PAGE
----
Group 9 - Clark, Holly and Michael. Clark, Holly and Michael take you through their experiences of their placements at St.
Clark Duke. Кларк Дьюк. карьера. Актер, Режиссер, Сценарист, Продюсер, Clark and Michael. Рейтинг фильма. Imdb: 8,4. 5. Офис (ТВ-сериал (с 2005. Университет / Greek (2007-2011) (сериал) Dale Kettlewell / Dale. Campus Ladies (2006-2007) (сериал). Кларк и Майкл / Clark and Michael (2006) Clark. В 2006 году Сера выступил как режиссёр, сценарист и продюсер телефильма Кларк и Майкл ( Clark and Michael), в котором сам же сыграл главную роль. Indie band whose members include actors Michael Cera (of Arrested Development, Superbad and Juno), his Clark and Michael co-star Clark.
Clark Duke. Кларк Дьюк. карьера. Актер, Режиссер, Сценарист, Продюсер, Clark and Michael. Рейтинг фильма. Imdb: 8,4. 5. Офис (ТВ-сериал (с 2005.
Anne Clark live на концерте (M'era Luna Festival) в Хильдесхайме группа Anne Clark live 2008 (Слева направо): Jann Michael Engel, Murat Parlak, Anne. John Clark's son, Edward Clark, 1585-1630 remained in England, and Edward was the father of Michael Clark 1610-1678. Michael Clark is. Кларк и майкл ( CLARK AND MICHAEL). Всё о фильме: фотографии, обои, комментарии пользователей, сеансы, новости, рейтинг фильма. Информация. Кларк и Майкл ( Clark and Michael) - Герои сериала начинающие продюсеры Кларк и Майкл. Они воодушевлены идеей сделать популярное.
Josephs, Loirston, Charleston and Cornhill Primary Schools. Group 9 began their placement by teaching badminton in St. Josephs, Loirston, Charleston and Cornhill Primary Schools.
Knowing we would be teaching children of all ages alongside my small amount of previous coaching experience, I have to admit I was both nervous and excited to see how each lesson would go but my confidence grew quickly from the beginning. The idea to start off our lessons with some fun tag games was simple but effective despite highlighting just how long ago primary school was for us, as most of our more old school suggestions gave way to newer and, I must admit, better versions of the game. Cat and mouse proved to be a real favourite despite a few disputes over what was deemed acceptable tail length among the winning mice. Before starting placement I was convinced that the younger classes would be more difficult to teach, however this quickly changed when we substituted the shuttles for balloons to teach the primary 2s and 3s.
They absolutely loved the challenge of trying to do as many keep ups as possible with our high score totalling somewhere around the 1 million-billion mark with a few claims of infinity keep ups from some of the pupils. I was also really impressed with the skill level across all ages with some classes completing the more difficult tasks we had given them with ease. As a whole, I would have to say that my week of teaching badminton was a successful one, the highlight of my week definitely being when one pupil asked their teacher if they could stay and continue playing instead of going for lunch. I would like to thank my fellow group members for assisting me, especially when my poor attempt at a teacher voice failed to restore order on a few occasions. I would also like to thank each of the schools and their pupils for providing a great first coaching experience and I look forward to returning for the next 3 weeks. - Michael Brady. This week Group 9 were teaching basketball to their schools and I was leading the session.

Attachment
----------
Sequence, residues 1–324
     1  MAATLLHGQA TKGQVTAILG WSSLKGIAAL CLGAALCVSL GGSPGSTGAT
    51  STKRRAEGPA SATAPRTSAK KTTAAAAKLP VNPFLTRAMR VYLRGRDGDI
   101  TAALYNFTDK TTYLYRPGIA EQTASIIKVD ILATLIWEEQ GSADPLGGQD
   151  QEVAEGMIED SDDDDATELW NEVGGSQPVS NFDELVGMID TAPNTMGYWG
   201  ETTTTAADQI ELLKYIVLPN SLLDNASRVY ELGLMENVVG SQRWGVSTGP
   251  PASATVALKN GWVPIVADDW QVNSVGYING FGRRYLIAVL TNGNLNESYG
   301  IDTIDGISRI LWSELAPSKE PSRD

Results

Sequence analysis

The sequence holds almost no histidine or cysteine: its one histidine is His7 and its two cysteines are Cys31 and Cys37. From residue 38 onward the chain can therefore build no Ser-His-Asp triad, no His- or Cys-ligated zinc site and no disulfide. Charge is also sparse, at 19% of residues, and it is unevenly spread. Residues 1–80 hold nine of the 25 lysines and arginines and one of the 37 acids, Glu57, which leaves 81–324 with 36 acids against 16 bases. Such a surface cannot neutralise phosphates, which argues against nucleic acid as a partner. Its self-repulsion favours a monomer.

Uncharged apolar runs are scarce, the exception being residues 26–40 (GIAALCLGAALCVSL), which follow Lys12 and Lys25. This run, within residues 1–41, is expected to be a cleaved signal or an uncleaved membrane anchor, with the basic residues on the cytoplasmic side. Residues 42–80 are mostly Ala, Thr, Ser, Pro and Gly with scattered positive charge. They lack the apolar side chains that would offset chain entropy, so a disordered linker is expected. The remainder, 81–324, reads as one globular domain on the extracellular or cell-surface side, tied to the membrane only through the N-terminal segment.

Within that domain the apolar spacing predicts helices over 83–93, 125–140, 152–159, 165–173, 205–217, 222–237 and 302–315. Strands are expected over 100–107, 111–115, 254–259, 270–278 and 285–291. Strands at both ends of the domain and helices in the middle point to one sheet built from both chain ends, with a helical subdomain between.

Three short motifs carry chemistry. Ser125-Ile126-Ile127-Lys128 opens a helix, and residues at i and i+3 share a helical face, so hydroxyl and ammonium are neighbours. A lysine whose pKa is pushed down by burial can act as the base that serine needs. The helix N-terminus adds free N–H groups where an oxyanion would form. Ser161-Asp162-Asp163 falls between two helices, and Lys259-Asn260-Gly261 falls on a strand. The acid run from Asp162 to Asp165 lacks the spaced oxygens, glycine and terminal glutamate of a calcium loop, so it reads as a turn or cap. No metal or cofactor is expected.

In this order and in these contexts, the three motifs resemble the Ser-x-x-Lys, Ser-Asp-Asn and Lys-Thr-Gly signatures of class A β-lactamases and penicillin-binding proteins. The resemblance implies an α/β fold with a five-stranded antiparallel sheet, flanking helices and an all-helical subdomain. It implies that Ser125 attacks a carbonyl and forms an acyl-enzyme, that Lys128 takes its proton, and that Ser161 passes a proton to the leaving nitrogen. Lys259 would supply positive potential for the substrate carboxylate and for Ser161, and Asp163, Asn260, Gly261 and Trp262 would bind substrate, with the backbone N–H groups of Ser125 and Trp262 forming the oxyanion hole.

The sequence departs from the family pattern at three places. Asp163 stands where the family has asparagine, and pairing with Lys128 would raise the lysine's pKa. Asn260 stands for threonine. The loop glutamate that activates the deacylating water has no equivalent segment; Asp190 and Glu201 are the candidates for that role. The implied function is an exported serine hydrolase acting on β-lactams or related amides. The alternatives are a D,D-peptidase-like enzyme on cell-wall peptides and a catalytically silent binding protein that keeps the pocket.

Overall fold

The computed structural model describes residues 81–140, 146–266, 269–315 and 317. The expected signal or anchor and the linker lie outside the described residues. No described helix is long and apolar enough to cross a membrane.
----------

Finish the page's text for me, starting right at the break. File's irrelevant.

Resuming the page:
The sessions had a similar formula to them throughout the week. The sessions had a game of Tag or Stuck in the Mud to get the children moving about and active. It then moved into a more specific activity of Basketball tag where passing was introduced and the idea of teamwork was presented to the children.
The principle behind this game was to get them into the mindset of playing as a team and being aware of the space around them as well as getting them used to the concept that they can throw the ball faster than they can run so it’s better to pass to than run will the ball themselves. This part of the session was also used to assess the children’s basketball ability so I could decide what activities were suitable for the remainder of the session. The next part of the session was working on more skill specific aspects of basketball with the children. This included drills for Dribbling, Passing and Shooting.
These drills taught the participants the fundamental skills used in basketball and involved introduction to some of the rules of basketball as well. The sessions then ended with a game of bench ball or a race of passing the ball around the class and this was just to add a competitive element to the session which proved to be the favourite part of the session amongst the older groups that took part in the session. All in all my feelings of leading this week’s session were mixed. I enjoyed sessions to a certain degree as when the kids were having fun and enjoying the sessions it was a better experience as a coach.